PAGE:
The LA Times has a story about identity theft, which is a pretty good lesson on why people who are paranoid about having more identity-tracking need to get over it. The government is a billion times less likely to have incrementally more power to screw you over than some guy with a camera phone at an ATM. But that’s not really what struck me about the article. The part that I found interesting was this:
The reason I’m not divulging my bank’s name — as much as I would love to — is that it wouldn’t be right for me to use the influence of the newspaper to get my money back. The average Joe can’t do that. And besides, I want to see if in the end, my bank (a large national operation that will no longer have my business when this is over) does the right thing for the right reasons.
Note: a profit-maximizing organization like a bank will never do things “for the right reasons” as an institution. I assume, of course, that he means that they’d do it because it is the morally correct thing to do, as compared to losing business. It just isn’t going to happen. Now, you can hope that an individual working for the organization decides to take the initiative and help you out, but from the perspective of the people who dictate policy, that person is probably doing something wrong – they are damaging the entity for the benefit of a customer.
If the author were strictly trying to investigate the actions of the bank, maybe there might be some credence in his decision not to divulge which bank, but I think in this case, everyone would be better off if he told us which one (even if the problem is endemic to banking). It’s weird that he would say “the average Joe can’t do” this, so he doesn’t want to. Okay – the average Joe also can’t swindle people out of their savings, nor does the Average Joe have control over what amounts to a public service for the purpose of profit. The press is supposed to be the Average Joe’s independent check on things like this.
Honestly, and I fear this might turn into a senseless rant, but what the hell ever happened to the press in this country? Even The Economist (which, granted, isn’t ‘in this country’) has started becoming more overtly political and partisan. I realize in this case, it might not be nefarious – but the press that is protected by the constitution was supposed to be a defense against corruption and governmental overstepping. It used to be, if the press saw abuses taking place either within the government or within, say, a meat packing plant, they saw it as their moral and God-given duty to tell people about it. Now, for the sake of keeping up relations, they won’t even tell the people that their civil rights are being actively and willfully infringed by the President of the country.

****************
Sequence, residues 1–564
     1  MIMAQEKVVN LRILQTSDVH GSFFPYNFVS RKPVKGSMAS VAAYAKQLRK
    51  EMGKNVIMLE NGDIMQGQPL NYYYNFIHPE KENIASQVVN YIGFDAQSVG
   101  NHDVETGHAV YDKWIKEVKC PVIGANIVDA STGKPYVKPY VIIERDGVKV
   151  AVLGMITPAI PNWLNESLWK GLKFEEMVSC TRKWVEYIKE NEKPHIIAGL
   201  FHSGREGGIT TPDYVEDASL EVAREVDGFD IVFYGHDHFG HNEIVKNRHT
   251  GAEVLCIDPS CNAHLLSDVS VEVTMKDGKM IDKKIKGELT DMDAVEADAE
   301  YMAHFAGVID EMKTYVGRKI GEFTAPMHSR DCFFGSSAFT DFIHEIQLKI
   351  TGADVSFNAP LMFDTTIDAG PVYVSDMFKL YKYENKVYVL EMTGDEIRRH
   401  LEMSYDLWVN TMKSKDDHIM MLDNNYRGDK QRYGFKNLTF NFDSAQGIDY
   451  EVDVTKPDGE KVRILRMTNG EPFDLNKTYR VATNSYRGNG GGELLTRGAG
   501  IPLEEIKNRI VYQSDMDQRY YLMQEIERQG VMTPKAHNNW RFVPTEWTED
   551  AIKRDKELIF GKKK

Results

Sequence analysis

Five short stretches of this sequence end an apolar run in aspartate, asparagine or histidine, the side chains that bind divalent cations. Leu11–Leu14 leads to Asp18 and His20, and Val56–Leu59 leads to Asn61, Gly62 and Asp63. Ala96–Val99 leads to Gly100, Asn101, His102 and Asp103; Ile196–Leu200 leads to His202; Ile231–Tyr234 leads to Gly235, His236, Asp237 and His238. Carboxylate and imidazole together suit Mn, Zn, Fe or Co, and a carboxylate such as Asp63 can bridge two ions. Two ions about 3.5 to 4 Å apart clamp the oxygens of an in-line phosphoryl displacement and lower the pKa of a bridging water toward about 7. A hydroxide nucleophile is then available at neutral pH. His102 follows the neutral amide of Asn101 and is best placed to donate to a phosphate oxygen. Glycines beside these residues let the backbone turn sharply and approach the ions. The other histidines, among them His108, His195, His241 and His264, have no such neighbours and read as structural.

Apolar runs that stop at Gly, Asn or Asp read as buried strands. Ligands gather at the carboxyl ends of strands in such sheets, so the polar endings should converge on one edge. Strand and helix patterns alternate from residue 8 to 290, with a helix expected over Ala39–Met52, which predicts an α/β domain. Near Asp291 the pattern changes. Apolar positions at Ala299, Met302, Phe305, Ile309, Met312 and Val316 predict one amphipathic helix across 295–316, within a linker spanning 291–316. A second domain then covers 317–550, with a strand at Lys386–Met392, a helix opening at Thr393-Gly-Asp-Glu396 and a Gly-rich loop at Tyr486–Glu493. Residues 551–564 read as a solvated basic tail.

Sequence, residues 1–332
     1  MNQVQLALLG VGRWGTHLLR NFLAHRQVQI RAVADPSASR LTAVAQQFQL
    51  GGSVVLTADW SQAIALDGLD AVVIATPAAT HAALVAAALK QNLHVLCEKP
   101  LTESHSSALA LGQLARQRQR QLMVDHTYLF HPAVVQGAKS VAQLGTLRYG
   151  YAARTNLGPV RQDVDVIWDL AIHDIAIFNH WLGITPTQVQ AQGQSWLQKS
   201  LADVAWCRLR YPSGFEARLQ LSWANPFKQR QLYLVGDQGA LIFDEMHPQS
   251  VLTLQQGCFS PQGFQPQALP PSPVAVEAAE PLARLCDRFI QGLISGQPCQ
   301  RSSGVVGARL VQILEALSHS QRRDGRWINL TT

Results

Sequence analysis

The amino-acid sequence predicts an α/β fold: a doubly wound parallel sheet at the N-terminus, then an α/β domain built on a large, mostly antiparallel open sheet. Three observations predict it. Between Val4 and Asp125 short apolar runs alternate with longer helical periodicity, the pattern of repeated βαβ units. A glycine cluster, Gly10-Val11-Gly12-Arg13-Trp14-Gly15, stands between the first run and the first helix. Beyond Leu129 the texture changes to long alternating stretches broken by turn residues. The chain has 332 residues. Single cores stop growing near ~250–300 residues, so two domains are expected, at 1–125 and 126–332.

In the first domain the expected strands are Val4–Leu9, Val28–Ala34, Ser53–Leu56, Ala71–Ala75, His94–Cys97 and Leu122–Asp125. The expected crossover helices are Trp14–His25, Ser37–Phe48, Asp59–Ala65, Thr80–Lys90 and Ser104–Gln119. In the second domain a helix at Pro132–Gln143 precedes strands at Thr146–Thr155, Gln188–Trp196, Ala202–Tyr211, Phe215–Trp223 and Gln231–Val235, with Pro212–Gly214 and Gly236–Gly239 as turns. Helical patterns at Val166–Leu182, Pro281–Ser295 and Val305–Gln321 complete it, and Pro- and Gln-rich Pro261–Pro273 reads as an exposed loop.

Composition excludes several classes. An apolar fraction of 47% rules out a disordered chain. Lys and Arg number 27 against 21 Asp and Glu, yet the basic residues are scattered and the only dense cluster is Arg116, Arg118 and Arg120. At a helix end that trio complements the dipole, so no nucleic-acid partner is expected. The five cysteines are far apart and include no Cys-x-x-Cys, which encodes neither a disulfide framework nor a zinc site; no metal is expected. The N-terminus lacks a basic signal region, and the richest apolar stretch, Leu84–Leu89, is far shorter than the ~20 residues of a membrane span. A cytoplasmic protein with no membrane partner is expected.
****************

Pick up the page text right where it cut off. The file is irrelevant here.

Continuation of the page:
I wouldn’t even doubt for a second that the justification given was “suggested” by the editor. After all, the “story” (in the sense of being a narrative) isn’t harmed by removing the name of the bank – but it does shield the paper from litigating a frivolous libel charge.
And now, a few random thoughts that are totally unrelated, but that don’t actually deserve their own post:
- I watched a lot of college football yesterday, and am now totally convinced that Skates is right, and all college football teams are bad. There are usually one or two really good athletes on each team, a handful of above-average guys, and a bunch of people who are clearly not that impressive. And yes, I realize that they are playing college sports and I am not, but on the other hand, I wouldn’t have blown that coverage against Alabama in the first quarter. Also, USC sucks.
- Has anyone in the history of the world been persuaded by PETA’s ethics campaigns? Seriously – I’m actually curious. I just can’t imagine anyone seeing their martyrdom and hysterics and deciding to make any life decision, other than possibly eating sixteen burgers out of spite.
- Five years from now, Reggie Bush will be considered the third-best running back from the 2006 draft, and the second-best from his own team.
- Maurice Clarett is being unfairly accused of committing armed robbery. We know it’s not true, because the robber was said to have run away when confronted, which, as the combine clearly showed, Mo is not capable of doing.
- “It’s On Like Donkey Kong” would be a cool indie band name.
cranked out at 6:40 AM | |
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